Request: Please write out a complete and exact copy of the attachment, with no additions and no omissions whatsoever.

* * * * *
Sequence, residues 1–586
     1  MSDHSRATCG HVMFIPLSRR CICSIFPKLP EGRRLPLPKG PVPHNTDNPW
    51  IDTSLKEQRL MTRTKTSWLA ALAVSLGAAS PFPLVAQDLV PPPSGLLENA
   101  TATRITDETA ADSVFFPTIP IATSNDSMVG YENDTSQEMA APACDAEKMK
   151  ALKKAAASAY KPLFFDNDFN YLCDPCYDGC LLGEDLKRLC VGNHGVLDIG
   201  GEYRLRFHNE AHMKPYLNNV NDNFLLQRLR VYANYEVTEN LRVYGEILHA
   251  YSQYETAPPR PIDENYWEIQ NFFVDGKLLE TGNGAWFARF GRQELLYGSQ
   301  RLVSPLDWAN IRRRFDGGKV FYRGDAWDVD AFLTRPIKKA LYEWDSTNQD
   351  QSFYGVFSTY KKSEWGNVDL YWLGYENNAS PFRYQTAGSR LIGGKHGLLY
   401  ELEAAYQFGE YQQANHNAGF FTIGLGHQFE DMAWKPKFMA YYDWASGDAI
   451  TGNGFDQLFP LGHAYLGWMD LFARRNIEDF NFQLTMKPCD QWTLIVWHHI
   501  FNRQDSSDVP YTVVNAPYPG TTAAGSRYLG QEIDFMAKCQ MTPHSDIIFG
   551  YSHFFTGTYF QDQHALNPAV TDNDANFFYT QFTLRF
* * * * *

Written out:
Sequence, residues 1–586
     1  MSDHSRATCG HVMFIPLSRR CICSIFPKLP EGRRLPLPKG PVPHNTDNPW
    51  IDTSLKEQRL MTRTKTSWLA ALAVSLGAAS PFPLVAQDLV PPPSGLLENA
   101  TATRITDETA ADSVFFPTIP IATSNDSMVG YENDTSQEMA APACDAEKMK
   151  ALKKAAASAY KPLFFDNDFN YLCDPCYDGC LLGEDLKRLC VGNHGVLDIG
   201  GEYRLRFHNE AHMKPYLNNV NDNFLLQRLR VYANYEVTEN LRVYGEILHA
   251  YSQYETAPPR PIDENYWEIQ NFFVDGKLLE TGNGAWFARF GRQELLYGSQ
   301  RLVSPLDWAN IRRRFDGGKV FYRGDAWDVD AFLTRPIKKA LYEWDSTNQD
   351  QSFYGVFSTY KKSEWGNVDL YWLGYENNAS PFRYQTAGSR LIGGKHGLLY
   401  ELEAAYQFGE YQQANHNAGF FTIGLGHQFE DMAWKPKFMA YYDWASGDAI
   451  TGNGFDQLFP LGHAYLGWMD LFARRNIEDF NFQLTMKPCD QWTLIVWHHI
   501  FNRQDSSDVP YTVVNAPYPG TTAAGSRYLG QEIDFMAKCQ MTPHSDIIFG
   551  YSHFFTGTYF QDQHALNPAV TDNDANFFYT QFTLRF